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Chapter 2 Is Matter Around Us Pure Interview Questions Answers

Question 1 :
What is meant by a pure substance?

Answer 1 :

A pure substance is the one that consists of a single type of particles, i.e., all constituent particles of the substance have the same chemical nature. Pure substances can be classified as elements or compounds.

Question 2 :
List the points of differences between homogeneous and heterogeneous mixtures.

Answer 2 :

Homogeneous mixture

Heterogeneous mixture

Particles are uniformly distributed throughout the mixture

All the particles are completely mixed and can be distinguished with the bare eyes or under a microscope.

Has a uniform composition

Irregular composition

No apparent boundaries of division

Noticeable boundaries of division.

Question 3 :
Differentiate between homogeneous and heterogeneous mixtures with examples.

Answer 3 :

The following are the differences between heterogeneous and homogenous mixtures.

Heterogeneous mixture

Homogeneous mixture

All the particles are completely mixed and can be distinguished with the bare eyes or under a microscope.

Particles are uniformly distributed throughout the mixture

Irregular composition

Has a uniform composition

Noticeable boundaries of division.

No apparent boundaries of division

Example: seawater, blood, etc.

Example: rainwater, vinegar, etc.

Question 4 :
How are sol, solution and suspension different from each other?

Answer 4 :

Sol is a heterogeneous mixture. In this mixture, the solute particles are so small that they cannot be seen with the naked eye. Also, they seem to be spread uniformly throughout the mixture. The Tyndall effect is observed in this mixture. For example: milk of magnesia, mud

Solution is a homogeneous mixture. In this mixture, the solute particles dissolve and spread uniformly throughout the mixture. The Tyndall effect is not observed in this mixture. For example: salt in water, sugar in water, iodine in alcohol, alloy

Suspensions are heterogeneous mixtures. In this mixture, the solute particles are visible to the naked eye, and remain suspended throughout the bulk of the medium. The Tyndall effect is observed in this mixture. For example: chalk powder and water, wheat flour and water

Question 5 :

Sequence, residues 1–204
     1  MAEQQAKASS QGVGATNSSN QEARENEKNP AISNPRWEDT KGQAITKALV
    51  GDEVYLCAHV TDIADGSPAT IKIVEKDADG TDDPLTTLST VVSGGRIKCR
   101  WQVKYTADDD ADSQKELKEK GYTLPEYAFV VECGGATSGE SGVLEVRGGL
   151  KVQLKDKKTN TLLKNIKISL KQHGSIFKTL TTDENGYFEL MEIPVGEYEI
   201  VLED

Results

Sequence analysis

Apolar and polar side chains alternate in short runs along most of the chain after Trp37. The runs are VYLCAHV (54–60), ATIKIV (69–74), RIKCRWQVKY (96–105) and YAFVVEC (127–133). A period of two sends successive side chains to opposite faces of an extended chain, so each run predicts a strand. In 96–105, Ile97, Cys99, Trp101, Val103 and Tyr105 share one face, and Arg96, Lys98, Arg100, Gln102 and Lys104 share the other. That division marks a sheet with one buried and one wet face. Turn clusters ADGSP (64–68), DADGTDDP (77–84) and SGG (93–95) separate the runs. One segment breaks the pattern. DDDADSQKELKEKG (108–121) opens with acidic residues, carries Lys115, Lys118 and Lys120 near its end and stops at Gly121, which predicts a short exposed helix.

To make a saturated solution, 36 g of sodium chloride is dissolved in 100 g of water at 293 K. Find its concentration at this temperature.

Answer 5 :

Mass of solute (sodium chloride) = 36 g (Given)
Mass of solvent (water) = 100 g (Given)
Then, mass of solution = Mass of solute + Mass of solvent
= (36 + 100) g
= 136 g
Therefore, concentration (mass by mass percentage) of the solution

Question 6 :
Classify the following as chemical or physical changes:

  1. Cutting of trees
  2. Melting of butter in a pan
  3. Rusting of almirah
  4. Boiling of water to form steam
  5. Passing of electric current through water, and water breaking down into hydrogen and oxygen gas
  6. Dissolving common salt in water
  7. Making a fruit salad with raw fruits
  8. Burning of paper and wood

Answer 6 :

  1. Cutting of trees → Physical change
  2. Melting of butter in a pan → Physical change
  3. Rusting of almirah → Chemical change
  4. Boiling of water to form steam → Physical change
  5. Passing of electric current through water, and water breaking down into hydrogen and oxygen gas → Chemical change
  6. Dissolving common salt in water → Physical change
  7. Making a fruit salad with raw fruits → Physical change
  8. Burning of paper and wood → Chemical change

Question 7 :
Try segregating the things around you as pure substances or mixtures.

Answer 7 :

Pure substance: Water, salt, sugar

Mixture: Saltwater, soil, wood, air, cold drink, rubber, sponge, fog, milk, butter, clothes, food

Question 8 :
What type of mixtures is separated by the technique of crystallization?

Answer 8 :

By the technique of crystallization, pure solids are separated from impurities. For example, salt obtained from the sea is separated from impurities; crystals of alum (Phitkari) are separated from impure samples.

Question 9 :
Which separation techniques will you apply for the separation of the following?

(a) Sodium chloride from its solution in water.
(b) Ammonium chloride from a mixture containing sodium chloride and ammonium chloride.
(c) Small pieces of metal in the engine oil of a car.
(d) Different pigments from an extract of flower petals.
(e) Butter from curd.
(f) Oil from water.
(g) Tea leaves from tea.
(h) Iron pins from sand.
(i) Wheat grains from husk.
(j) Fine mud particles suspended in water.

Answer 9 :

(a) Sodium chloride from its solution in water → Evaporation

(b) Ammonium chloride from a mixture containing sodium chloride and ammonium chloride → Sublimation

(c) Small pieces of metal in the engine oil of a car → Centrifugation or filtration or decantation

(d) Different pigments from an extract of flower petals → Chromatography

(e) Butter from curd → Centrifugation

(f) Oil from water → Using separating funnel

(g) Tea leaves from tea → Filtration

(h) Iron pins from sand → Magnetic separation

(i) Wheat grains from husk → Winnowing

(j) Fine mud particles suspended in water → Centrifugation

Question 10 :
Write the steps you would use for making tea. Use the words: solution, solvent, solute, dissolve, soluble, insoluble, filtrate and residue.

Answer 10 :

First, water is taken as a solvent in a saucer pan. This water (solvent) is allowed to boil. During heating, milk and tea leaves are added to the solvent as solutes. They form a solution. Then, the solution is poured through a strainer. The insoluble part of the solution remains on the strainer as residue. Sugar is added tothe filtrate, which dissolves in the filtrate. The resulting solution is the required tea.


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